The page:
The negative attitude to technology and the desire to put limits for its development has nothing to do with its social and ethical assessment: the moral dimension of technology is a result of the civilizational development, and the personal dimension of technology is the most important means of self-development and self-realization and a tool for mastering cash. The anthropological understanding of technology was provided by T. Adorno: “Whether modern technology brings benefit or harm depends not on technicians or technology itself, but on how it is used by society” [4. P. 381].
In the social assessment of technology, two extremes should be avoided. First, we should not absolutize the power of the purely technical approach to human well-being: certainly, technology contributes significantly to an increase in such well-being, but technological achievements should be considered within the social development. Second, we should avoid absolutization of the social factor in assessing science and technology: no society can eliminate contradictions determined by negative consequences of the scientific-technological progress. Competent social-political decisions can minimize such consequences, so responsibility for technology can be expanded from individual ethics to the social-political sphere.
Thus, the internal relationship between various aspects of technology and other areas of knowledge and practical activity can be examined comprehensively only on the basis of the social assessment with the moral assessment being its integral part. The necessity of the moral assessment of technology is due to unprecedented acceleration of the scientific-technological progress in the information society, which raised the question of the relationship between goals and means of technical activities, humanization of engineering, and moral responsibility of the scientist, engineer and designer who create and use technical systems.
Features of engineering in the contemporary society
Questions of social and other consequences of technology and ethical aspects of engineering were raised at the very moment this profession appeared. Today the ignorance of consequences of introducing new equipment and technology can lead to irreversible negative effects for the humankind and nature; therefore, it is necessary to rethink the very idea of the scientific-technical and social-economic progress. When the impact of engineering activity becomes global, its decisions cease to be a professional task and become the focus of general discussion, i.e. decisions on technological projects are the prerogative of society. No economic, technical or even state significance can justify their social, moral, psychological or environmental damage. Open discussions on advantages and disadvantages in the media, social expertise, estimates of alternative projects and plans are the most important attribute of today’s life, a condition and consequence of its democratization [8. P. 137].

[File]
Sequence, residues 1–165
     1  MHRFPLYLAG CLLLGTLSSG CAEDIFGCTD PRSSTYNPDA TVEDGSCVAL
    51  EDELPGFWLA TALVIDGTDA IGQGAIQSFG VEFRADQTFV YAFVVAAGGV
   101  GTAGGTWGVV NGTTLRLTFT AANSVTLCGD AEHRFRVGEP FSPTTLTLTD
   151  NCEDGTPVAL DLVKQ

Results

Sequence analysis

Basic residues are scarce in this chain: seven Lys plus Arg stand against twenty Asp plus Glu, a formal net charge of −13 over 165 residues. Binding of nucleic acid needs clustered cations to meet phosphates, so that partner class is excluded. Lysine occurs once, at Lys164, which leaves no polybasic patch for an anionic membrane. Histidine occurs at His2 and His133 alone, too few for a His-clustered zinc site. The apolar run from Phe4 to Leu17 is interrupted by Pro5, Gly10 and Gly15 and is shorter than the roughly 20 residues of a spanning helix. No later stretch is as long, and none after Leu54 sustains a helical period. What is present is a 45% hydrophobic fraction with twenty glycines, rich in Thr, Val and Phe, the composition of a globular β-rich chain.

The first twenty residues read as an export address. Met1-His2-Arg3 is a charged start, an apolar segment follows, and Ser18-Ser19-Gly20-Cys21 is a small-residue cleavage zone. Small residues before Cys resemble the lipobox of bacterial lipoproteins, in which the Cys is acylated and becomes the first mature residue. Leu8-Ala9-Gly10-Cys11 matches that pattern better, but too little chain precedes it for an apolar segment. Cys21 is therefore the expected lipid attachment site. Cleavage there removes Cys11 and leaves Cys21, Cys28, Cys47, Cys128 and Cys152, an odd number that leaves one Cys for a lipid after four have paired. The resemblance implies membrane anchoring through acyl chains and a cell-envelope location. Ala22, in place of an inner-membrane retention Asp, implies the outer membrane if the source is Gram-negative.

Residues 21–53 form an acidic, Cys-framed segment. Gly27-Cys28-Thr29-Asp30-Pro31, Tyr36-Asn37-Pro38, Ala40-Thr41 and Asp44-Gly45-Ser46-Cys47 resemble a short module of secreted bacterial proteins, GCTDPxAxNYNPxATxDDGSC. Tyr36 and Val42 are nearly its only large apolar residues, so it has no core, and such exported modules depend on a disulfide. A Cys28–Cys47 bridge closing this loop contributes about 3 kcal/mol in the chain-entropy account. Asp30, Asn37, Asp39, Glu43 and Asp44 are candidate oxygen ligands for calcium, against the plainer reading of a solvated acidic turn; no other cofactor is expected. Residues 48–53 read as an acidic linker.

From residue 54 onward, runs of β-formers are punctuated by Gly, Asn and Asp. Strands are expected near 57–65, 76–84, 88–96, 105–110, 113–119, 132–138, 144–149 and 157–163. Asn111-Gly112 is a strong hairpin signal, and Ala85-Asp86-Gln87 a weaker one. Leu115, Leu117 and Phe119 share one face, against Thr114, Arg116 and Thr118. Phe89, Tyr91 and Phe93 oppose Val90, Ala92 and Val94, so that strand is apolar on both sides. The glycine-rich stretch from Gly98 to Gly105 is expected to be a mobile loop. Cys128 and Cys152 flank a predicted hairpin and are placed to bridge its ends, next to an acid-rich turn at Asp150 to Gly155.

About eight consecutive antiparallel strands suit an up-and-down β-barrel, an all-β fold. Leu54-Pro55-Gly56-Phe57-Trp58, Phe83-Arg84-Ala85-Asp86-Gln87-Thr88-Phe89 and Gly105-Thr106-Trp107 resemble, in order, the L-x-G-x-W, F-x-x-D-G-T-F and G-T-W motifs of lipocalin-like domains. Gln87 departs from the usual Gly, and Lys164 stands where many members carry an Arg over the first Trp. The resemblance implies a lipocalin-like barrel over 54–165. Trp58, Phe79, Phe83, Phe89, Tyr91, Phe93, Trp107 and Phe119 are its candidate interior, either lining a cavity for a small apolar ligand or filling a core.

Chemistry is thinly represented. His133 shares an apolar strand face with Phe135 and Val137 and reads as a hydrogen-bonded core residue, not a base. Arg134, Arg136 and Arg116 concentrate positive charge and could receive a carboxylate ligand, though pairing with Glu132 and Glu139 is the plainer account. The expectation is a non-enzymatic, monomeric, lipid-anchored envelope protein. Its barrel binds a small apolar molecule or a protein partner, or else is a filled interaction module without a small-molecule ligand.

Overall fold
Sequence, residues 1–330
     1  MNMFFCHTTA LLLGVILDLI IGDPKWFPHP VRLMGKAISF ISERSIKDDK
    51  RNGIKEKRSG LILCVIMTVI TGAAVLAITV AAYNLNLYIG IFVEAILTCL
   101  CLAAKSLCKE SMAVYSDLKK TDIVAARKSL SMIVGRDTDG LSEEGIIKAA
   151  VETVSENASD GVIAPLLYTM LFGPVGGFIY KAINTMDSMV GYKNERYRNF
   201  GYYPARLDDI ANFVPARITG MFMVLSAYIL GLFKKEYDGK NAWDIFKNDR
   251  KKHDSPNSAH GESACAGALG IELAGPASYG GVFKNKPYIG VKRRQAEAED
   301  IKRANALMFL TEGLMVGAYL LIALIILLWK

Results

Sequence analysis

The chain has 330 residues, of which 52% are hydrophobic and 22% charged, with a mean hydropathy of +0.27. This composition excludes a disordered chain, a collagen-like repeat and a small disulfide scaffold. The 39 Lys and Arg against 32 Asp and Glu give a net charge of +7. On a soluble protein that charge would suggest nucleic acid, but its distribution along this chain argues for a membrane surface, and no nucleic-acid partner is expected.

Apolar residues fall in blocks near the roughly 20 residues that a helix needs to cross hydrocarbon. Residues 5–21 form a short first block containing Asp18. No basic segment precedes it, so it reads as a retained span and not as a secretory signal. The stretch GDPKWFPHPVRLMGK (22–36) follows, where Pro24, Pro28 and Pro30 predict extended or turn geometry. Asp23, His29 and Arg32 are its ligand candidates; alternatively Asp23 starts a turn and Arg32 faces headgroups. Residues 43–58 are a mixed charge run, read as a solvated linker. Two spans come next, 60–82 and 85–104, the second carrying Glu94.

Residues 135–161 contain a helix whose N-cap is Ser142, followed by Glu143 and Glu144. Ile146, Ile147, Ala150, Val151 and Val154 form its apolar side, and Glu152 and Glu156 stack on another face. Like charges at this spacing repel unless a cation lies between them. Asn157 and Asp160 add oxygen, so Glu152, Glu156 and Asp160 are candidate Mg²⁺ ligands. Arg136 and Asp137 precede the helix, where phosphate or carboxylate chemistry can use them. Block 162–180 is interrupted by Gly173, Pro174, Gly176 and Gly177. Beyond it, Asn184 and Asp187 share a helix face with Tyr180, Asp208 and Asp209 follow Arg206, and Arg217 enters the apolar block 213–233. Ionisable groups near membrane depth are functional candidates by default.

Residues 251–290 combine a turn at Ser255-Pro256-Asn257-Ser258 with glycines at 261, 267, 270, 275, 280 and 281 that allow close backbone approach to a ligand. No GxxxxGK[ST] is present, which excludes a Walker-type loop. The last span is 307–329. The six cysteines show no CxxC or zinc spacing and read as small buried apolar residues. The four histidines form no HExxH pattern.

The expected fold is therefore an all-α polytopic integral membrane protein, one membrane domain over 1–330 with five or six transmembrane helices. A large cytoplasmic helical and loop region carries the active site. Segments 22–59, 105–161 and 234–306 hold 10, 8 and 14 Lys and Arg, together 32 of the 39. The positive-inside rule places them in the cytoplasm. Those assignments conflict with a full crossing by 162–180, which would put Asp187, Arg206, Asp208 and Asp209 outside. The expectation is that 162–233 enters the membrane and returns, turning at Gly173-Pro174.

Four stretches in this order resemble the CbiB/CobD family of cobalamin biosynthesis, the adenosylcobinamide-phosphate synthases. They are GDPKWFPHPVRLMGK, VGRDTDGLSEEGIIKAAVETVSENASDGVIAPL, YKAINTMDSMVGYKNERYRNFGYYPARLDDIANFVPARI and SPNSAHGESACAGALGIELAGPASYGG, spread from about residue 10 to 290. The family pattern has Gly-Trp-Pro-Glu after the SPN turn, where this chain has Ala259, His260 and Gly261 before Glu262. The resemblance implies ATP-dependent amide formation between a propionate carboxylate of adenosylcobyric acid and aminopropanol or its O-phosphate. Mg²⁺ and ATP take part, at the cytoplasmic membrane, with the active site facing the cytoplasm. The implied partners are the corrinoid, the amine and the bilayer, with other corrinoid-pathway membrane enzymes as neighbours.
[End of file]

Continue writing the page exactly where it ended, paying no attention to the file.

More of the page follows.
Significant changes in the structure of engineering activity and social mechanisms of its functioning, at least partially, allowed society to control consequences of technical projects in the foreseeable future for the social assessment of technology becomes an integral part of engineering in the information society. Today there is an urgent need for rethinking the relationship between engineering and its products due to the increasing complexity of artificial objects, differentiation of labor, alienation of products from their production, and a new understanding of the ethical component of engineering.
The engineer is a specialist with a higher technical education. Engineering professions are among the most mass professions of highly skilled labor. Engineers work in various fields: factories, construction sites, mines, army, aviation, transportation, research institutes. Initially, engineers were people who control military vehicles. First civil engineers in the 16th century built bridges and roads; first educational institutions for engineers appeared a century later. Today the system of training and professional activity of engineers includes a wide range of specialties: for instance, there are 167 engineering professions in the All-Russian Classifier of Occupations of Workers, Positions of Employees and Tariff Ranks.
The engineering professional community, like any other, has special norms and values that are developed by both the social-professional group and the wider social context. These norms and values form a hierarchy depending on both the logic of the internal development of engineering and the wider cultural context. The hierarchy of professional norms and values of the engineering community is reproduced in special vocational training and corporate self-identification. In Russia, the profession of engineer is one of the most widespread (a third of specialists with higher education): the engineer is a specialist of high culture, an expert in advanced equipment and technologies, economics and organization of production, capable of solving engineering tasks and inventing new technologies. In the contemporary world, there is a twofold tendency in engineering work: on the one hand, it becomes more intellectualized; on the other hand, its creative activities decrease.